I could have done without the two-too-many scenes of Julianne Hough roughing it as a stripper with the holy-shit-does-she-suck-at-acting Mary J. Blige, and without the wide-eyed window-pane of insipidness that is Diego Boneta, but I can overlook the two black holes of interest at the center of this film because I was so entertained by Theroux’s magnificently cheeky writing and the sheer enthusiasm this considerable ensemble was able to bring. And whether I think of Brand describing the Bourbon Room crowd as “a hot, fecund soup of estrogen and testosterone,” or of Zeta-Jones reminiscing about becoming “a woman — sure, a woman tied up and dripping with whipped cream and Wild Turkey, but a woman nonetheless,” I know that ROCK OF AGES is very aware of its place in the genre of camp musicals, and it’s way smarter — and funnier — than almost anyone will give it credit for. Then again, after seeing the reviews of IRON MAN 2 and WANDERLUST, I shouldn’t be surprised.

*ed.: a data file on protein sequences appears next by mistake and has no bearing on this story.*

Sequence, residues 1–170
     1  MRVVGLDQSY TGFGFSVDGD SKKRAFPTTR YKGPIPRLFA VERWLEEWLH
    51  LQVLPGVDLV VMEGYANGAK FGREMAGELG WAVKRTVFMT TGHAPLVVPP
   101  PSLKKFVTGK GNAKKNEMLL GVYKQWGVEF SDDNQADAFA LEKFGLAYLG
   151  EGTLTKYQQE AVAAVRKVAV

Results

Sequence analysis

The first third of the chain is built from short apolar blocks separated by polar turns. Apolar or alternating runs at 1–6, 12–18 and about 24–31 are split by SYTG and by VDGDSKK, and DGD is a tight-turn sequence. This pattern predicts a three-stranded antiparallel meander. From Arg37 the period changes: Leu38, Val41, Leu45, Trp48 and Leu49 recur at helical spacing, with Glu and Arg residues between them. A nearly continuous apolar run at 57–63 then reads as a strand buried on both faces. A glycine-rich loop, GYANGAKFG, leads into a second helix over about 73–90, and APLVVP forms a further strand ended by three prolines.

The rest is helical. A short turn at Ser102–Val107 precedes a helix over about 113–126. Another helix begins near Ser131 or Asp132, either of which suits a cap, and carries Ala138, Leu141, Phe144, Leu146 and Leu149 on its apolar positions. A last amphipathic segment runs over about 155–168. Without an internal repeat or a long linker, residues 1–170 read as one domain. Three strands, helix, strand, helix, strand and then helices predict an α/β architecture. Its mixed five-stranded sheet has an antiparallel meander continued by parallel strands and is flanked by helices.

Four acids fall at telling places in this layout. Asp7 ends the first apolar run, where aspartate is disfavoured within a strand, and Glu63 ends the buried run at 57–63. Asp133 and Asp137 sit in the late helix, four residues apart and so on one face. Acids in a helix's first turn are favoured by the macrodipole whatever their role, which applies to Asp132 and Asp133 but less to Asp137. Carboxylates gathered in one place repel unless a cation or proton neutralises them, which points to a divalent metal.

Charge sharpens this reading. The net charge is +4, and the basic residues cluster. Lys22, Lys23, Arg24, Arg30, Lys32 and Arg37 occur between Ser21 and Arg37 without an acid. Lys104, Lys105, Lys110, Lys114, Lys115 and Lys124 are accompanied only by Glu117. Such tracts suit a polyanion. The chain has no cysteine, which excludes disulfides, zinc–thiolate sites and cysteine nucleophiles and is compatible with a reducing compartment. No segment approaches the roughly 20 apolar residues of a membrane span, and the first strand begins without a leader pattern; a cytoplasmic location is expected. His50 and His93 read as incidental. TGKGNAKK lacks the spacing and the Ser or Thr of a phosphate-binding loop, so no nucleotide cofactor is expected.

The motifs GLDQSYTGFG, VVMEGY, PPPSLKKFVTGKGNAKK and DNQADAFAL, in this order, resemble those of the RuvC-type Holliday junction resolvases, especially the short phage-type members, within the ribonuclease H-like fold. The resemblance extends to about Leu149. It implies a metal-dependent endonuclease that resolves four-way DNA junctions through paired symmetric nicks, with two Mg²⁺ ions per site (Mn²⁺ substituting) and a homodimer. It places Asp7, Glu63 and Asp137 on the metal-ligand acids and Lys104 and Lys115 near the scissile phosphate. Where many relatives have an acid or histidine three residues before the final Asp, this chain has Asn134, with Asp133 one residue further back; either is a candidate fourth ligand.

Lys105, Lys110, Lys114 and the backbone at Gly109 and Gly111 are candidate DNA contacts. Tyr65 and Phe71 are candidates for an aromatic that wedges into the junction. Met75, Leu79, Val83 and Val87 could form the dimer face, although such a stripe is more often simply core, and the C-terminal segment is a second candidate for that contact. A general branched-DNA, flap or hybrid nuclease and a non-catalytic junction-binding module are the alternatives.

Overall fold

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Prometheus — 6/10

PROMETHEUS (2012, Ridley Scott): 6/10

A gorgeous-looking atmospheric sci-fi horror film, which is nothing new for Scott. There are also some extremely effective suspense sequences, most notably a self-performed C-section with a terrifying result — giving fans what they expect from a Ridley Scott ALIEN movie. But the character work leaves a lot to be desired here: only Idris Elba’s captain has rounded edges with a great sense of humor (he has one wordless expression here so winning that I was laughing aloud in the theater for a good 10 seconds), whereas everyone else is crushed by the weight of Scott’s loftier big-universe goals — a story about no less than the creation of mankind, God, the past, and the future. These conceptual pillars dwarf the human story and smother any emotional investment we might have. And this kind of cold, robotic approach is probably why Michael Fassbender, playing an android, gives the best performance in the film.